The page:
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Premarital Medical Test May Be Optional
The State Council is scrutinizing a draft regulation that would abolish the requirement for engaged couples to undergo premarital medical tests in favour of privacy protection.

"It is a positive measure to show respect for privacy and human rights," said Yao Yang, a professor with Peking University's China Centre for Economic Research.

The draft regulation on marriage registration says would-be couples could choose whether or not to take the medical examinations. The tests are currently compulsory.

The State Council is entitled to issue administrative regulations according to the nation's Legislative Procedure Law.

The Marriage Law says a person is forbidden from getting married if a disease from which they suffer makes them "medically improper" for marriage. The law does not specify any particular diseases, though the registration rule lists leprosy.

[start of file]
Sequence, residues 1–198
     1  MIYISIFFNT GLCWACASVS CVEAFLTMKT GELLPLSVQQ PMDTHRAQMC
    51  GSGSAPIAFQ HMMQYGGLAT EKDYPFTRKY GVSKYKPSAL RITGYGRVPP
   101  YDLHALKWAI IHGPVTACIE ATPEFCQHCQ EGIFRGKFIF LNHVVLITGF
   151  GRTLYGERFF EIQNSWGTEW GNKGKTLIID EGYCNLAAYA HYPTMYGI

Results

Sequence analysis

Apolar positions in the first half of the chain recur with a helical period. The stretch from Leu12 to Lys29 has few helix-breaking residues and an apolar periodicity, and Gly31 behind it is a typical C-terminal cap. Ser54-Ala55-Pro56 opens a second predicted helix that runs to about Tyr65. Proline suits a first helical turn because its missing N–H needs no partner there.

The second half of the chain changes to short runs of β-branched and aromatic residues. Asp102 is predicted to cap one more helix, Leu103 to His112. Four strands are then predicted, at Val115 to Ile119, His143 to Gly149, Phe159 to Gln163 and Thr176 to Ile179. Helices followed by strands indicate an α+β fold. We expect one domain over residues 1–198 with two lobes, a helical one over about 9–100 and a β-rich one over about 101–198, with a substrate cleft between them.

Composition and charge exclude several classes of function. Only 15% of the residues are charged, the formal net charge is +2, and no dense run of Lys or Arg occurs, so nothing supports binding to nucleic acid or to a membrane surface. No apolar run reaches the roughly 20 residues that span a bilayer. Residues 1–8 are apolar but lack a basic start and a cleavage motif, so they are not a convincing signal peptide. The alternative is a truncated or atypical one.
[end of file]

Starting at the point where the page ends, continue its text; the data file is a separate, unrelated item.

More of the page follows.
In 2001, 8.79 million people had the premarital medical examination. Nearly 20,000 were deemed ineligible to get married as a result.

However, the content of the medical examination has long been attacked for being irrelevant and an intrusion of people's privacy.

"I do not see why it is important to test my height and weight to decide whether I am qualified to marry someone," said Xiao Bai, a 32-year-old Beijing resident.

Liang Ming, Xiao's wife, said: "I felt very uncomfortable undergoing such an examination."

However, one doctor from the Dongsi Hospital for Gynaecology and Obstetrics said that couples should treat the premarital medical examination seriously because it will have the direct link with their life after marriage.

Yao said the State should leave it up to individuals to decide if they should get married.

"People are supposed to know exactly the physical conditions of their lovers," Yao said.

"We should not make 99 per cent of people do unnecessary checks for the 1 per cent of people who may lie," he added.

The proposed new rule also reflects a shift in legislative philosophy, moving from preventive measures to subsequent punishment when managing social affairs, Yao said.

The Ministry of Civil Affairs, which drafted much of the proposed regulation, refused to comment yesterday.

But it is widely believed that the new regulation will take effect this year.

(China Daily January 3, 2003)

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